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Mbera Refugee Camp, Mauritania
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Mbera Camp is located in the southeast corner of Mauritania (50km from Malian border) and gives hospitality to refugees escaped from Mali after the 2012 crisis. In February 2014 the number of refugees is over 80,000. The alternative to transitional shelter is much more durable than the original design. The debate concerning the concept of 'transitional' as semi-permanent construction is still open. The comfort of the new classrooms is largely based on the effect (thermal insulation) of the massive sandbag wall: empirical tests suggest that internal temperature is substantially lower in the sandbags classrooms than in other structures. The use of superimposed bags filled with sand as masonry, with a cement plaster on chicken wire for both sides of the wall, is widely used in various areas of the world, and nowadays it can be regarded as a consolidated technique. The various stages of the construction correspond to the sequence of the very simple building techniques in use: masonry and plastering can be completed before installation of metalwork takes place and the whole production can be easily organized.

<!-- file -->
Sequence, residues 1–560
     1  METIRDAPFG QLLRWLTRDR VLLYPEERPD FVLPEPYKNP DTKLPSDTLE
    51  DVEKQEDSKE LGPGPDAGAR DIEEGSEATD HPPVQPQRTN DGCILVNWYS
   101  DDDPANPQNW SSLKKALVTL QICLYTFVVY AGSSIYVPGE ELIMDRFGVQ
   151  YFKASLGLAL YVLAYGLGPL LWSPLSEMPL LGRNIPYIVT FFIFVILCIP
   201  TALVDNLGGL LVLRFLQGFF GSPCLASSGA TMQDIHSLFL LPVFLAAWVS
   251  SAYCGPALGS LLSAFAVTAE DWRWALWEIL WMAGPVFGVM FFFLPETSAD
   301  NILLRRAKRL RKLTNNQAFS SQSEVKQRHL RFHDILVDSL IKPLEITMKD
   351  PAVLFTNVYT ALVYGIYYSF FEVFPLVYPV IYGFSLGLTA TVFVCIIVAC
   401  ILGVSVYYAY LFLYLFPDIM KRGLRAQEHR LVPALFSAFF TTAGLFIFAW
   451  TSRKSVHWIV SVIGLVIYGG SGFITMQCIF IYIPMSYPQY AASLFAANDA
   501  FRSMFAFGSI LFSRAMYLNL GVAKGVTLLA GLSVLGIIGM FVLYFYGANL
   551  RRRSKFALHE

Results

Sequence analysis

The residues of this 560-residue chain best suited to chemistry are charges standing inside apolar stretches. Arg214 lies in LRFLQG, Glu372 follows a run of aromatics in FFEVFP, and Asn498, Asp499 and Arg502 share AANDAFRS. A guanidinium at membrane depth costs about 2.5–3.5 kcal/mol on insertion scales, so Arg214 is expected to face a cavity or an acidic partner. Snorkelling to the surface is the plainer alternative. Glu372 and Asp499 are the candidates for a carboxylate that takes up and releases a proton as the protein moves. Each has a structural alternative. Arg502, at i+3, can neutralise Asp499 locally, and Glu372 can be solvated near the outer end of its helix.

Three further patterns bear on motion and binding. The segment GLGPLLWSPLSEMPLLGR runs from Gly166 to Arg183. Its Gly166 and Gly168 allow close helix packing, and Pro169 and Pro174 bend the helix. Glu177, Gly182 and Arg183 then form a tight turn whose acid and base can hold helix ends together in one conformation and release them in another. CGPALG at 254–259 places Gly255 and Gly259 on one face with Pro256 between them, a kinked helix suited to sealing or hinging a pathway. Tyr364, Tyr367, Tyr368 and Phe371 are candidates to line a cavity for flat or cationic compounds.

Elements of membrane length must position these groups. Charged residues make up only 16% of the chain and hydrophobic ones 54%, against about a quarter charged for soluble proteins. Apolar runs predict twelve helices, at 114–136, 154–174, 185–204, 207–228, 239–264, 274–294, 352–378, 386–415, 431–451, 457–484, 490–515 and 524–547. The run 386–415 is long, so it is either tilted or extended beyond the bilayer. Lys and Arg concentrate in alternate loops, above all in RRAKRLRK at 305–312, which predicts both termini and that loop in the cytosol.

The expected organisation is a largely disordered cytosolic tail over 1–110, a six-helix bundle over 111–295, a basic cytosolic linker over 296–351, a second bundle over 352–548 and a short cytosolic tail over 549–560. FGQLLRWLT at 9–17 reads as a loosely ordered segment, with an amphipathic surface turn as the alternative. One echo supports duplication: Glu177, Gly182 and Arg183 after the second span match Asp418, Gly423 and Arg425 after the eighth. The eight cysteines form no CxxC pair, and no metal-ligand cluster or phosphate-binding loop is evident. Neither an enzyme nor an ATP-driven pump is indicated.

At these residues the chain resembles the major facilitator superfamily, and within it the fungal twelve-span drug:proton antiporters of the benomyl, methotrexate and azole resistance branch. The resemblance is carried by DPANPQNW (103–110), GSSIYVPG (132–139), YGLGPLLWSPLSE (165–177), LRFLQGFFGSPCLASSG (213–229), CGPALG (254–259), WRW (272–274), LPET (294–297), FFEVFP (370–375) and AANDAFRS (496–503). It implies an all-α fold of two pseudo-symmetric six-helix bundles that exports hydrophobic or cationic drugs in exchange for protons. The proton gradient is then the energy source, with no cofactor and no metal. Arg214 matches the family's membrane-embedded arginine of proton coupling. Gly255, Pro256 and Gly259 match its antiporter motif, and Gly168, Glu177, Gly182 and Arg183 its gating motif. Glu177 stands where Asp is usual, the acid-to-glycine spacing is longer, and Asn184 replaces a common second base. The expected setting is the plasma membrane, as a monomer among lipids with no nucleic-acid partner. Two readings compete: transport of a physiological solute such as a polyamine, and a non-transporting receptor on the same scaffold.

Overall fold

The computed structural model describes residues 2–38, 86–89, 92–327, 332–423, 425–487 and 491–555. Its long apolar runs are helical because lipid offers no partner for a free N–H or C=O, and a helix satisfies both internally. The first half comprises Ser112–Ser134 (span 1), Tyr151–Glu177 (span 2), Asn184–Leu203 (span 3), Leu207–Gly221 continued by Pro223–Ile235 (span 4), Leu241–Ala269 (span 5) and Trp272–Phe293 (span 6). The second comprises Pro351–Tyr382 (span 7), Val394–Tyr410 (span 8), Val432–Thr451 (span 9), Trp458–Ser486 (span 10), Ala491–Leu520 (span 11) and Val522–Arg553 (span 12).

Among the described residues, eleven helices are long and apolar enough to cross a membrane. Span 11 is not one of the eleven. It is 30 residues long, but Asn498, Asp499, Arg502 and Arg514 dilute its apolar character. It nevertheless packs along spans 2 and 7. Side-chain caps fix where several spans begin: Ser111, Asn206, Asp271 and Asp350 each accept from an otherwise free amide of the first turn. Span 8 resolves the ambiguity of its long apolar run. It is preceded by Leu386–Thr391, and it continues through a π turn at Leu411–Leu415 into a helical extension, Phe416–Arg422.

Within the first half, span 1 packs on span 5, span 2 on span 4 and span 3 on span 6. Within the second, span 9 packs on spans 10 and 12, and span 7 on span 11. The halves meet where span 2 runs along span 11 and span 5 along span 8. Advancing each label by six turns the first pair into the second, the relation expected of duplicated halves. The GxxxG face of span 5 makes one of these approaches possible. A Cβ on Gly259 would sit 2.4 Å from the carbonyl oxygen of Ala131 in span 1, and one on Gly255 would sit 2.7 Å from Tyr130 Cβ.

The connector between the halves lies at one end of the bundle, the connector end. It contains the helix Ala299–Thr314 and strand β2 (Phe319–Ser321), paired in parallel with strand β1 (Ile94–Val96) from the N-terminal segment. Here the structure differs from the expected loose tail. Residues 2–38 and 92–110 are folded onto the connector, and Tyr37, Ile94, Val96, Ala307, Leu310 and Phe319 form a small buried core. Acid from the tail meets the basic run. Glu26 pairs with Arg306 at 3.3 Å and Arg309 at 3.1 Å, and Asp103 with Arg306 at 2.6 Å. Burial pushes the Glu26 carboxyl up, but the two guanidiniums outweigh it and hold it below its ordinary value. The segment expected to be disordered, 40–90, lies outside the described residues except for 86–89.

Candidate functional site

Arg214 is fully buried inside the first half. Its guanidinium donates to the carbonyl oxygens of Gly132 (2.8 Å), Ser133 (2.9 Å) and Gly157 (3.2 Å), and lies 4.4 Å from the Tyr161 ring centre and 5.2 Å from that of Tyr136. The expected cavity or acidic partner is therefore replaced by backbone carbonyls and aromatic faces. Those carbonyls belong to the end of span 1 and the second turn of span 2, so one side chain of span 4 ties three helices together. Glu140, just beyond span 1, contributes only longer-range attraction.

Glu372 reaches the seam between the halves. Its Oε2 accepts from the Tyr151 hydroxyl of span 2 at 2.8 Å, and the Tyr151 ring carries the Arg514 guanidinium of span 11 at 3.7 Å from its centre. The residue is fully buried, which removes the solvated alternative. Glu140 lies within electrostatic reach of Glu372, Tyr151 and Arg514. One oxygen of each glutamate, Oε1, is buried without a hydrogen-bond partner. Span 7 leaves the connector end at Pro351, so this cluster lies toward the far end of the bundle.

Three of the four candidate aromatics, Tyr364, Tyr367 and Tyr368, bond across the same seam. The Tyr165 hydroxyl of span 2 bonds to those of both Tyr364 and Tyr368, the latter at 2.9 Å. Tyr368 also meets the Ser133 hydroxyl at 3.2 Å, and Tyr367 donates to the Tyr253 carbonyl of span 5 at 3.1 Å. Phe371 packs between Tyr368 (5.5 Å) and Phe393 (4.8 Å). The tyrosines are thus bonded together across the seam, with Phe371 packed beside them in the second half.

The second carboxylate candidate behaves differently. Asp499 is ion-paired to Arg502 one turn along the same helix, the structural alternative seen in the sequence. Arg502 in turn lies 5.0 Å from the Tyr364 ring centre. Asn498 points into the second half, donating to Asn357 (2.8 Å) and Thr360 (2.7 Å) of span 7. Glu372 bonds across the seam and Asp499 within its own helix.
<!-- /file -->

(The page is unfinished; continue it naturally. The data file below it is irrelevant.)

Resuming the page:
The classrooms are covered with a double layer roof, where the initial corrugated iron sheeting has been replaced by a tarpaulin installed on a series of metal trusses (production takes place in Bassikonou). Ropes are made out of polyester. The sub-horizontal roof plays a crucial role in the overall scheme: it is aimed at minimizing the effects of wind and assuring natural ventilation and lighting of the internal room. The internal layer is formed by a traditional fabric. Flooring is detached by the walls and is constituted by a layer of banco (adobe bricks) on which a concrete flooring is poured. The building is finished by rough plaster that is left simply lime washed. Plaster's roughness is a solution to conceal cracks and to produce a slight self shading effect on the wall.

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bostjan, February 20th, 2017
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